Milestone Six: Impact Assessment report

Presented to Dr Liam Peyton
For the software engineering capstone project course (SEG4911)
Olivier Clift Noel?
Jean Philippe Daigle?
Jason Kealey
Jordan Mc Manus?
Etienne Tremblay

Credit Sheet

Contributors to this report include the above-mentioned authors


Daniel Amyot
School of Information Technology and Engineering (SITE)
University of Ottawa
800 King Edward St.,
Ottawa, Ontario, Canada, K1 N? 6N5


jUCMNav is a graphical Use Case Map editor developed as a plugin to the Eclipse universal tool platform. This report analyses the adoption and impact of the release of this tool on society and the software engineering community.

Table of Contents

Project Accomplished

Please see earlier milestones for a recap of what jUCMNav is.

Analysis of Impact

Here follows a multi-faceted analysis of issues impacting our application, as well as a discussion of our project's community impact.

Legal considerations

Our software being released under the open-source Eclipse Public License, interesting legal issues revolve around license compliance. Briefly, our source code is made available along with precompiled binaries, and license is granted to its users to themselves distribute, sell and reproduce the original work and / or derivatives, under the conditions set forth in the EPL.

In order to make our software available under this license, we declare that we are the authors of, or have the rights to make available under the EPL, all parts of the application. A small part of the source code is actually comprised of modified sources from IBM, made available to us under the EPL and thus granting us the right to distribute derivatives.

The only other creation not originating from our team is the jUCMNav logo and icon set, drawn by artist Steve Hutchison ( and graciously made available by him under the EPL for distribution with our plugin.

As for any other patent and third-party considerations, the EPL states that we, individual contributors to the project, accept no responsibility in this area and the onus is on the licensee (end-user) to secure any needed rights to use the software. Though this may sound scary, we are confident our application does not infringe on any third party's intellectual property and thus this point is moot.

Liability considerations

Closely related to legal considerations are potential liabilities stemming from the distribution or misuse of the created software. The authors and their client disclaim any responsibility or warranty through the choice of the Eclipse Public License. Refer to sections (5) and (6) of the aforementioned text, which protect project contributors from potential liabilities related to the software.


As with any modelling tool developed for a specific domain, we must adhere to the standards comprising this application domain. In our case, our software implements a subset of the meta-model for representing the User Requirements Notation, and allows graphical editing of Use Case Maps, which are documented on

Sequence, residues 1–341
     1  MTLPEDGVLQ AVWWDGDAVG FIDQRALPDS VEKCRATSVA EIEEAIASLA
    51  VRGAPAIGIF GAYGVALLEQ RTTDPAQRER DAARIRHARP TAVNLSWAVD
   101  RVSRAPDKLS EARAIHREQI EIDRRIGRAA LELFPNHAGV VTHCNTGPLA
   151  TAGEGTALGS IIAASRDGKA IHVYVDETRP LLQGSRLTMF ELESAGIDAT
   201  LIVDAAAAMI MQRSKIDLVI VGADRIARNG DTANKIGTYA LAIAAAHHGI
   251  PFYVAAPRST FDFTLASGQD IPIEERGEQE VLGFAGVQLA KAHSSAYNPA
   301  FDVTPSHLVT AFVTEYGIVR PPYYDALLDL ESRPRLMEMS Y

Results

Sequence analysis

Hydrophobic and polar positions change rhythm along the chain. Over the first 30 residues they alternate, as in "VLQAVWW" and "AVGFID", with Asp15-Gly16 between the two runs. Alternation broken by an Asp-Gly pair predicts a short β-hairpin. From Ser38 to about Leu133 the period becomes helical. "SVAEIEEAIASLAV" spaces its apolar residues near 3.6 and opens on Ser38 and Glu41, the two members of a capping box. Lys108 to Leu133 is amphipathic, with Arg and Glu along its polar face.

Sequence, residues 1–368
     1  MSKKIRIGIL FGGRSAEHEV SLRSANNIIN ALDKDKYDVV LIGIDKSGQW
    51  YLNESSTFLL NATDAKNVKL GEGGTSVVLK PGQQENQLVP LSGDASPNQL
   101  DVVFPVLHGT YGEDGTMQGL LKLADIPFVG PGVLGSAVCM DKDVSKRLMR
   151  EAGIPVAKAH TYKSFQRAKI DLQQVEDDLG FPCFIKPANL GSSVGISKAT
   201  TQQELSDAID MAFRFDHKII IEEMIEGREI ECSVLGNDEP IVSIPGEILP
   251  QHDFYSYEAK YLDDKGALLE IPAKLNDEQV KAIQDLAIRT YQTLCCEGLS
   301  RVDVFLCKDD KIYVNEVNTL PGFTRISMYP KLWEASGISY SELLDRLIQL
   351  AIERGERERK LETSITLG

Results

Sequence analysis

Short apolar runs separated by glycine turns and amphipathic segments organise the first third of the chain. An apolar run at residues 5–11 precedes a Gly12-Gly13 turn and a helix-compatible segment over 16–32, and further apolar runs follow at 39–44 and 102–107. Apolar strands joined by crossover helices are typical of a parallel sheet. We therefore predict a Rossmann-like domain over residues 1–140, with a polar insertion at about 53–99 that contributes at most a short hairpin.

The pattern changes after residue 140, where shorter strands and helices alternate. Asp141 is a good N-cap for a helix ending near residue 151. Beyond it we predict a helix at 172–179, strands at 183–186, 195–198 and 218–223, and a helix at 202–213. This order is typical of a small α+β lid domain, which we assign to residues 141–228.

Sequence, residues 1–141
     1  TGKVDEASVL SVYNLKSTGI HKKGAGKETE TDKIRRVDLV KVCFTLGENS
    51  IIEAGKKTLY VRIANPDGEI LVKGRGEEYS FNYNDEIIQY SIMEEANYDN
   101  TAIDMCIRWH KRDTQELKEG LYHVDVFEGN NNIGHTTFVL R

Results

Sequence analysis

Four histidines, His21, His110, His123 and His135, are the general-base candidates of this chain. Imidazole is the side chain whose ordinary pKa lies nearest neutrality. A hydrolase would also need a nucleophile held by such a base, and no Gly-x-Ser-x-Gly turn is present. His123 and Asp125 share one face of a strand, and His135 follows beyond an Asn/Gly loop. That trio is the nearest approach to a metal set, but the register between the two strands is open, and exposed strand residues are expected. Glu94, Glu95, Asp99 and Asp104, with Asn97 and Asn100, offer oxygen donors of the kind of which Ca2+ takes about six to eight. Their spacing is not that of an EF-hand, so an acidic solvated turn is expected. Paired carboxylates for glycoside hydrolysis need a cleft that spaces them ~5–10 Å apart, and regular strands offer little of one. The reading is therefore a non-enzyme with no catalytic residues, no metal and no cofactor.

Of note is the fact that the jUCMNav user experience is designed to disallow the creation of invalid Use Case Maps. Compliance with the standards was reached through very close cooperation with a prominent member of the UCM community, Dr Daniel Amyot of SITE.

User and societal issues

Our system is a software engineering tool, and thus useful to the software engineering community as a modelling tool for documenting / designing systems with "causal paths cutting across organizational structures" []. In the best-case scenario, we can expect a widely-adopted jUCMNav to become the foremost UCM modelling tool and see its pleasing, crisp graphical output gracing upcoming publications. The tool is very likely to be used in academic and research settings, for instance in software engineering courses. Future adoption of a URN DTD for saving UCMs as XML files unlocking interoperability with other tools will improve chances of adoption.

We take no measures to restrict the use of jUCMNav, and as a freely downloadable tool it could potentially be used by spyware authors, virus writers and other such folk to aid in their software design. Though unpleasant, this is an improbable outcome and one we must accept.

Thankfully, our system presents no environmental or health hazards to its users or their communities.

Financial considerations

The financial costs of deploying the system are quite low - ie: disk space and bandwidth are already available on The costs associated with using and improving the tool, in the form of time spent by Dr Amyot, are significant. Thankfully, as this is not a shipping commercial product, our client may choose to allocate as little or as much time as he feels is necessary to this project.


To ensure development continues smoothly and a wider deployment does not negatively impact our client or the software's users, we recommend that:
  • New developers be familiar with the EPL and its implications.
  • New developers familiarize themselves with our development and release processes.
  • New developers read the extensive documentation targeted at them and available online on our TWiki site.
  • Work commenced on providing a smoother deployment / upgrade experience be continued.

-- Jean Philippe Daigle? - 10 Jul 2005

Topic revision: r4 - 12 Jul 2005 - 22:54:27 - Jean Philippe Daigle?
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